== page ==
2 posts tagged “hepatitis B”

Know Your ABC’s on World Hepatitis Day

Posted July 27th, 2012 by

Did you know that both hepatitis B and hepatitis C can be transmitted through blood-to-blood contact – but hepatitis B is commonly transmitted through unprotected sex as well?  Also, there is a vaccine available for only one of these forms of hepatitis.  Do you know which one it is? (Answer: hepatitis B)

Because these “silent” infections may not cause symptoms for years, hepatitis B and C are the focus of World Hepatitis Day, which takes place tomorrow, July 28th, and is sponsored by the World Health Organization (WHO) and the World Hepatitis Alliance (WHA). (There is another form of this viral infection called hepatitis A, which is typically transmitted through contaminated food or drinking water.)

World Hepatitis Day 2012

The reasons for greater awareness are stark:  the WHO estimates that two billion people have been infected with the hepatitis B virus and approximately 240 million people are living with chronic liver infections. Approximately 600,000 people will die every year from the consequences of hepatitis B.  In addition, there are around 150 million people chronically infected with hepatitis C worldwide, and more than 350,000 die each year from related liver diseases, according to the WHO.

Despite these alarming figures, hepatitis remains poorly understood, and the majority of those infected are unaware.  Should their infections become chronic, people living with either hepatitis B or C are at risk for serious liver complications, including liver cirrhosis and liver cancer.  In some cases, a liver transplant may be required.

You can learn firsthand about these conditions and their complications from our hepatitis patients at PatientsLikeMe.  As of today, 88 patients report hepatitis B, while 299 patients report hepatitis C.  In addition, 522 patients have undergone a liver transplant to replace a diseased liver.

If you haven’t been tested for hepatitis – or you want to know more about the hepatitis B vaccination – talk to your doctor at your next visit.  If you’re living with chronic hepatitis, we invite you to join our supportive community today.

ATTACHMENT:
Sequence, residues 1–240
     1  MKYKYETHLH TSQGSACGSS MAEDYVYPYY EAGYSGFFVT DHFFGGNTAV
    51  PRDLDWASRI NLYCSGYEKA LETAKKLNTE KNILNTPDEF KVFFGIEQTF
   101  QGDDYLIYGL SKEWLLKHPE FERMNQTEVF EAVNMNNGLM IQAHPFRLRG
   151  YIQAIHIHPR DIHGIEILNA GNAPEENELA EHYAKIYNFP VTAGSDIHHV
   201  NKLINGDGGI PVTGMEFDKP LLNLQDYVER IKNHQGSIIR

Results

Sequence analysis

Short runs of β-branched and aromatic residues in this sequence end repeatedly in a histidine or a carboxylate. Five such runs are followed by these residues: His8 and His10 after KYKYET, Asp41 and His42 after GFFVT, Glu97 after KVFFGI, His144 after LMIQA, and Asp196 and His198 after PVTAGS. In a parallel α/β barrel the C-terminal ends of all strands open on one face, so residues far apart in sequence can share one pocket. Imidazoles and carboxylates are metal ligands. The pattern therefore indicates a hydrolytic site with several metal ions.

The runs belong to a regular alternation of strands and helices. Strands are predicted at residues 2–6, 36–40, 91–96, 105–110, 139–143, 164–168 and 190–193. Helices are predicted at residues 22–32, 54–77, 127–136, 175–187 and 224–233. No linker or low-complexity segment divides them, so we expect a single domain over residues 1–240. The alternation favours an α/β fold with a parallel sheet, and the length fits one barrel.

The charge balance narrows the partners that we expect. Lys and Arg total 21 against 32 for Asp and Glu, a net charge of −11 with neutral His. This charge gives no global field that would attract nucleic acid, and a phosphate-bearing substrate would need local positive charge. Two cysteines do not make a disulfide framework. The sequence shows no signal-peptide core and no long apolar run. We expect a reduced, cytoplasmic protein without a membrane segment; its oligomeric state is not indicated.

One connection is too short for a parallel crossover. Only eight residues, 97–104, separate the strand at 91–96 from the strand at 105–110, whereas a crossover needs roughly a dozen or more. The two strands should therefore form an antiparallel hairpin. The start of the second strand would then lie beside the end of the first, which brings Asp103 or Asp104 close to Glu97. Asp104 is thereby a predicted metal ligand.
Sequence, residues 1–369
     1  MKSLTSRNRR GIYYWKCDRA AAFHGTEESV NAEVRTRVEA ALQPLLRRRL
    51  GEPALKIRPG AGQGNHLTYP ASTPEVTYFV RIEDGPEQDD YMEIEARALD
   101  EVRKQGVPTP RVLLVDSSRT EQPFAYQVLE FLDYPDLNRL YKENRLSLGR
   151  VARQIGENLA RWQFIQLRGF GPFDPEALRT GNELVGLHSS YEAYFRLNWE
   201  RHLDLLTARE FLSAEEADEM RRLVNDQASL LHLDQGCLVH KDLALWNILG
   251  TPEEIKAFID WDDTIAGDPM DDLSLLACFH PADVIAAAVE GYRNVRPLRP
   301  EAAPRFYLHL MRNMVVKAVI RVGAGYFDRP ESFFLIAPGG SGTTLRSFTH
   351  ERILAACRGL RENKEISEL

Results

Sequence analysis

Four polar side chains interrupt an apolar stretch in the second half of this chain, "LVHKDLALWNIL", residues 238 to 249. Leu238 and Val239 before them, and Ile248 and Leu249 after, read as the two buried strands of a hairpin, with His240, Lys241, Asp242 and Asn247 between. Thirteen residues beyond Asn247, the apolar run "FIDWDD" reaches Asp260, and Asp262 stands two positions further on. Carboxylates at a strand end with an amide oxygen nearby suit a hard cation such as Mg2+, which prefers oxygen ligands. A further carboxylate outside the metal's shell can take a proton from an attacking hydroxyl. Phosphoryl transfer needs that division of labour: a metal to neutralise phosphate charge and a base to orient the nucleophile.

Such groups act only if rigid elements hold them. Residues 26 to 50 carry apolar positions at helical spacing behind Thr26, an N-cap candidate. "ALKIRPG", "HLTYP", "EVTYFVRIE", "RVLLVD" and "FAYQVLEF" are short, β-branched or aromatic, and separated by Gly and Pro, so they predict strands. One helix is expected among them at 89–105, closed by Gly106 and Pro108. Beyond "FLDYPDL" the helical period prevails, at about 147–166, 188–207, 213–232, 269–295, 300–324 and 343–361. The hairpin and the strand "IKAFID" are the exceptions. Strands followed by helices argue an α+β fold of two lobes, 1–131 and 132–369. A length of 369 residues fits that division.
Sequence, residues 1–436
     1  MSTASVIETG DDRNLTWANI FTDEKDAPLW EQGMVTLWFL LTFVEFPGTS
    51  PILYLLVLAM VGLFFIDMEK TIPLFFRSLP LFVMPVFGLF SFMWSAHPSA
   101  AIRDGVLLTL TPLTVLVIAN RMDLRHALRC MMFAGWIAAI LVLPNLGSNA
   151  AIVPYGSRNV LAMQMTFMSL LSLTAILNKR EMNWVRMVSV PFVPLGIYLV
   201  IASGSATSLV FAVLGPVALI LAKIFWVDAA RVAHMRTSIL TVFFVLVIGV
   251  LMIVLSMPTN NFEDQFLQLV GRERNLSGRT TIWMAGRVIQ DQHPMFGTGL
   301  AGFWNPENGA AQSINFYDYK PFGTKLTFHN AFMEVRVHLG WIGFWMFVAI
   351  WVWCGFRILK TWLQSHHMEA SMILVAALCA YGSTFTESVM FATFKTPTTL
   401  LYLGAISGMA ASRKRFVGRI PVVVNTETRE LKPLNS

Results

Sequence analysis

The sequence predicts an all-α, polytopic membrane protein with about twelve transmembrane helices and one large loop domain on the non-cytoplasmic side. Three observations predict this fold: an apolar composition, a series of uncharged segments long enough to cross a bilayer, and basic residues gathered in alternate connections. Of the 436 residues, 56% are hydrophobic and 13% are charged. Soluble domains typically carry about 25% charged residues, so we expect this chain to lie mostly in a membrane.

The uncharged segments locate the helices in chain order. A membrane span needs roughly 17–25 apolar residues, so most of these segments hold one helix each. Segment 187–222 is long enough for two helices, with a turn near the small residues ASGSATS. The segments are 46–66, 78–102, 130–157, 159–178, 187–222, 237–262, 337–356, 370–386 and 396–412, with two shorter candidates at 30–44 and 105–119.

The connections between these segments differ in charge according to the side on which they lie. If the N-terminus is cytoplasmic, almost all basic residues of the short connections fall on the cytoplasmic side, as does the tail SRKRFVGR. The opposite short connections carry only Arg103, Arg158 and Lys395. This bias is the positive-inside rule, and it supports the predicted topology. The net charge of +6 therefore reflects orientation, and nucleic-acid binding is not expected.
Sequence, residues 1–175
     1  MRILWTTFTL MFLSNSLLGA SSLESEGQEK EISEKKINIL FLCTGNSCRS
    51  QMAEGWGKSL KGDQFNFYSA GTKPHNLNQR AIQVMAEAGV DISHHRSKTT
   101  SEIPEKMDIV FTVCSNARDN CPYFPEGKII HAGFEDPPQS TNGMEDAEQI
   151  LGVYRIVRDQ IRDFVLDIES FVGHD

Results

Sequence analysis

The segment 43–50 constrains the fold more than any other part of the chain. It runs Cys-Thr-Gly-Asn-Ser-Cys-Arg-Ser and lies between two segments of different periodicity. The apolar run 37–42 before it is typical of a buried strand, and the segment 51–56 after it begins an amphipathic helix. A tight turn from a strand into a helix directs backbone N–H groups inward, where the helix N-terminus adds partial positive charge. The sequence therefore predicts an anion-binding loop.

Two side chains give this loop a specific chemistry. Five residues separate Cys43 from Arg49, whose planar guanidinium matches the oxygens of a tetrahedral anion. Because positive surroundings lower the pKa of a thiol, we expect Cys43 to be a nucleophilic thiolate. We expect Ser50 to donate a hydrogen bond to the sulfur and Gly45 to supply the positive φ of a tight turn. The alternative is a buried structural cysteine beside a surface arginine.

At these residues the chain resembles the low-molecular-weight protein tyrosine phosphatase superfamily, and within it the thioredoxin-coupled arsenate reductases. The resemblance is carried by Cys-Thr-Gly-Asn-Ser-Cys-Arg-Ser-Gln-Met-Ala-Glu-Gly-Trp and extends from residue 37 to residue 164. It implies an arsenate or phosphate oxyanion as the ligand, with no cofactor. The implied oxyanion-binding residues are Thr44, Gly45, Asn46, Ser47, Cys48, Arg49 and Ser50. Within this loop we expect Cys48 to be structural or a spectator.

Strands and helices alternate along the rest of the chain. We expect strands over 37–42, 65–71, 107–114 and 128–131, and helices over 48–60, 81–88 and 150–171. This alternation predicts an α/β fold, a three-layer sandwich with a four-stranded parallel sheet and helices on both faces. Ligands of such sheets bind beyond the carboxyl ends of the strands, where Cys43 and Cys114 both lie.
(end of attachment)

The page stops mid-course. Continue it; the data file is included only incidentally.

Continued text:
What Do You Know About Hepatitis?

Posted July 28th, 2011 by

World Hepatitis Day Is July 28, 2011

Today, July 28th, marks the first official World Hepatitis Day sponsored by the World Health Organization (WHO) and the World Hepatitis Alliance (WHA). Hepatitis kills more than one million people each year, while millions more suffer acute sickness or long-term ill health. The goal of this new event is to raise awareness of this global health issue while increasing prevention and control efforts.

Specifically, World Hepatitis Day focuses on hepatitis B and hepatitis C, which are both viral infections. Approximately 1 in 12 people worldwide is living with chronic hepatitis B or C, which represents a far greater prevalence than better-known conditions such as HIV or cancer. Yet hepatitis remains poorly known and understood, and the majority of those infected are unaware. Hopefully that can begin to change. With that goal in mind, here are a few quick facts to help raise your knowledge.

Did you know that…

  • …there is a vaccine available for hepatitis B that is effective in approximately 95% of cases?
  • …both hepatitis B and C can be transmitted through sharing household items such as razors and toothbrushes?
  • …these viral infections are considered “silent” because many people experience no symptoms for years?
  • …if a hepatitis B infection doesn’t resolve on its own and becomes chronic, it can cause liver cirrhosis or liver cancer? And a liver transplant may be needed?
  • …hepatitis B can be spread through unprotected sexual contact, while hepatitis C is contracted through blood-to-blood contact only?

If you didn’t know a few of these facts, learn more about viral hepatitis and how it can be prevented and diagnosed today. You can also learn firsthand from our hepatitis patients here at PatientsLikeMe. As of today, 156 members report hepatitis C while 41 patients report hepatitis B. In both conditions, Prograf, an immunosuppressant drug used to prevent organ rejection following an liver transplant, represents one of the most commonly reported prescription medications while men represent a higher percentage of our membership: 62% for hepatitis C and 63% for hepatitis B. There are also more than 600 discussions of hepatitis across 29 different forum rooms at PatientsLikeMe.

Are you living with chronic hepatitis B or C? Break the silence and share your story in any language on the WHA’s global “Wall of Stories.”